Understanding benefits eligibility after a military divorce

When you enter into an Ohio marriage with someone who is a member of the U.S. Armed Forces, you typically gain access to certain benefits reserved for military personnel and their families. For example, you have probably grown used to shopping for groceries and supplies at military commissaries, where your purchases are tax-free and discounted, and you likely also utilize TRICARE, which provides health care coverage for military families. At the Law Office of Kristen L. Campbell, LLC, we understand that many people divorcing military spouses have questions about benefit eligibility following divorce, and we have helped many such clients answer these and related queries.

According to Military.com, maintaining access to military benefits after divorce is something you can do only if you and your former military spouse’s relationship meets certain set parameters. More specifically, to be able to retain access to military benefits, post-divorce, you and your ex’s situation must meet the terms of what is known as the 20/20/20 military divorce rule.

Coping with divorce during holidays: For the Kids

For parents, time spent with children is precious. During or after a divorce, you must split this time in a unique way.

Along with coping with your emotional and mental needs, it is critical to account for the needs of your children during this time. Aside from having a proper parenting plan in place, there are a few things to consider that can help parents assist their children with coping with divorce during the holidays.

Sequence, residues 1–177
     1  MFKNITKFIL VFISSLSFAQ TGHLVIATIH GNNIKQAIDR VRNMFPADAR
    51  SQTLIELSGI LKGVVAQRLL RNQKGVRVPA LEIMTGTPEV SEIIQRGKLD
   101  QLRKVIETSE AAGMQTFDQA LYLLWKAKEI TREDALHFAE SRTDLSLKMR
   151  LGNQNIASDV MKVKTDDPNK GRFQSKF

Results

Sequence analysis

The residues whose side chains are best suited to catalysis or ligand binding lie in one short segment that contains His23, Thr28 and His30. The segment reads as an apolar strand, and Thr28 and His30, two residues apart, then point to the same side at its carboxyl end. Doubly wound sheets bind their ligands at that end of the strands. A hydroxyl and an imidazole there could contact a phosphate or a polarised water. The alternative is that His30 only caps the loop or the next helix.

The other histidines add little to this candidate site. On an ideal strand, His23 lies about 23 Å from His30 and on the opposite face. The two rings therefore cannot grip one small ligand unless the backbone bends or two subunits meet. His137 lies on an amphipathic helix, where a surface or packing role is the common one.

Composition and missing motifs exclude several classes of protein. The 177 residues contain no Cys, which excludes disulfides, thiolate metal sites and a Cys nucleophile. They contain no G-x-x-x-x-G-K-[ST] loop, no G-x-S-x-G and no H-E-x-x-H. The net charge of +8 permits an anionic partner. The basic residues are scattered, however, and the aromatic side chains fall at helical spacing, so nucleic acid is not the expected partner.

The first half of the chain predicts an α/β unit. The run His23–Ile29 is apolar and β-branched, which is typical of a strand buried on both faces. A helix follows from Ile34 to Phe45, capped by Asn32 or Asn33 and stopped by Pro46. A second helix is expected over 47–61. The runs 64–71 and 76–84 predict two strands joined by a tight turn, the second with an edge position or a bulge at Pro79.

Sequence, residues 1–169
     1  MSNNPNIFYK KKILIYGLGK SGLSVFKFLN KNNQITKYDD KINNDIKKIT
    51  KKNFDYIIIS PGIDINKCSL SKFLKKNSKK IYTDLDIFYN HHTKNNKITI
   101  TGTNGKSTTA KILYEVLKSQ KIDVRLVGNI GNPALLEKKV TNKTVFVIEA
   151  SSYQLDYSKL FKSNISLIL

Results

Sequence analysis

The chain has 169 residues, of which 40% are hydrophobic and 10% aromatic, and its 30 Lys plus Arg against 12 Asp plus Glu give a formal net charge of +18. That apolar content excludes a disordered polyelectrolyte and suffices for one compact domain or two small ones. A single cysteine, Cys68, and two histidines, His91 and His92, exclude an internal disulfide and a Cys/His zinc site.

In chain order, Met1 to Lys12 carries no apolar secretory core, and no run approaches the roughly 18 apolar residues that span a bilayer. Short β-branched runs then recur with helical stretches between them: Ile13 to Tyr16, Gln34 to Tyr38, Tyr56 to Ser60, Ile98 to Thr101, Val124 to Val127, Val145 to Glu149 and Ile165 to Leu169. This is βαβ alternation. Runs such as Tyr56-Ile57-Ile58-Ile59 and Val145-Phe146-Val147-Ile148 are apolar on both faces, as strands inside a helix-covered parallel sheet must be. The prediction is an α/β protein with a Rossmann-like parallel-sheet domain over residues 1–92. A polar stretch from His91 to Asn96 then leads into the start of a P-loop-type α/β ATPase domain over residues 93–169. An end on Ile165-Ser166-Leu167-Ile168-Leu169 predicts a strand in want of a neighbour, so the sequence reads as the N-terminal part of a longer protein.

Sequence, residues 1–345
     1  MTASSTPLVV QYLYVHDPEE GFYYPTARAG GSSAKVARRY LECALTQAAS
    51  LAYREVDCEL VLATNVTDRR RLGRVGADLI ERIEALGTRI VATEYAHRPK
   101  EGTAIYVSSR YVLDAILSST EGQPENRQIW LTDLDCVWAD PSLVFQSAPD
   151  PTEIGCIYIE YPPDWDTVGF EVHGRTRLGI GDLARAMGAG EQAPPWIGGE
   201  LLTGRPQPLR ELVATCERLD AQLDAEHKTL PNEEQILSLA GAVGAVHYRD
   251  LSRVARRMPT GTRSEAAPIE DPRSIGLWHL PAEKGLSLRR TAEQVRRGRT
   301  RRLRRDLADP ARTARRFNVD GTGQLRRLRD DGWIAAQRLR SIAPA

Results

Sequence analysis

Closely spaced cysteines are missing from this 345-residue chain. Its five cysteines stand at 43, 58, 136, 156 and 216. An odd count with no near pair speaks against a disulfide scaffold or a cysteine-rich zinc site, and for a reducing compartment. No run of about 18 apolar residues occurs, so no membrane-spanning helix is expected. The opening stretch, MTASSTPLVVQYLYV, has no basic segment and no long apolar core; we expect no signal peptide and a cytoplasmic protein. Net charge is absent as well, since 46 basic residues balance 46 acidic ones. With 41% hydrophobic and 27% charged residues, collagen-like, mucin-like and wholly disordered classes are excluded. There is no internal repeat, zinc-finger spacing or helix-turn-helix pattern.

Coping with divorce during holidays: For adults

Family is almost synonymous with the holiday season. Therefore, it is no surprise that coping with a divorce during this time can be challenging.

Along with the legal part of the divorce process, there are also emotional and mental components to manage. Adults should consider these coping mechanisms to help them through the process.

Are you married even though you had no wedding?

As you probably know, Ohio requires you and your spouse to divide your marital property fairly and equitably when you divorce. But if the two of you have lived together for many years without benefit of marriage, must you still obtain an actual divorce and split your property fairly and equitably? The answer is, “it depends.”

As Unmarried Equality explains, Ohio is one of the 16 states that recognizes some form of common law marriage, the concept that two consenting adults can, under certain circumstances, create their own legal marriage without bringing the state or any church into the matter. In the case of Ohio, though, your common law marriage is a valid one only if you and your spouse began your relationship with each other in Ohio prior to October 10, 1991.

Tips on protecting your business during a divorce

If you own a business in Ohio, you naturally want to protect it from all types of risks. Divorce is just one potential risk facing entrepreneurs, who could lose control of their enterprise if the proper measures aren’t taken. The financial loss can also be great, in addition to setting back all the hard work it took to make your business a success. The first step in protecting your interests is to create a prenuptial agreement before you get married.

As explained by Forbes, a prenuptial agreement legally defines property and asset ownership for both parties before a marriage takes place. Many people are reluctant to bring up this topic since it presumes that the marriage will end in divorce. This is a huge misstep for business owners, especially those who see their efforts grow over the course of a marriage. While the conversation may be uncomfortable, it’s better to have important financial discussions before issues occur.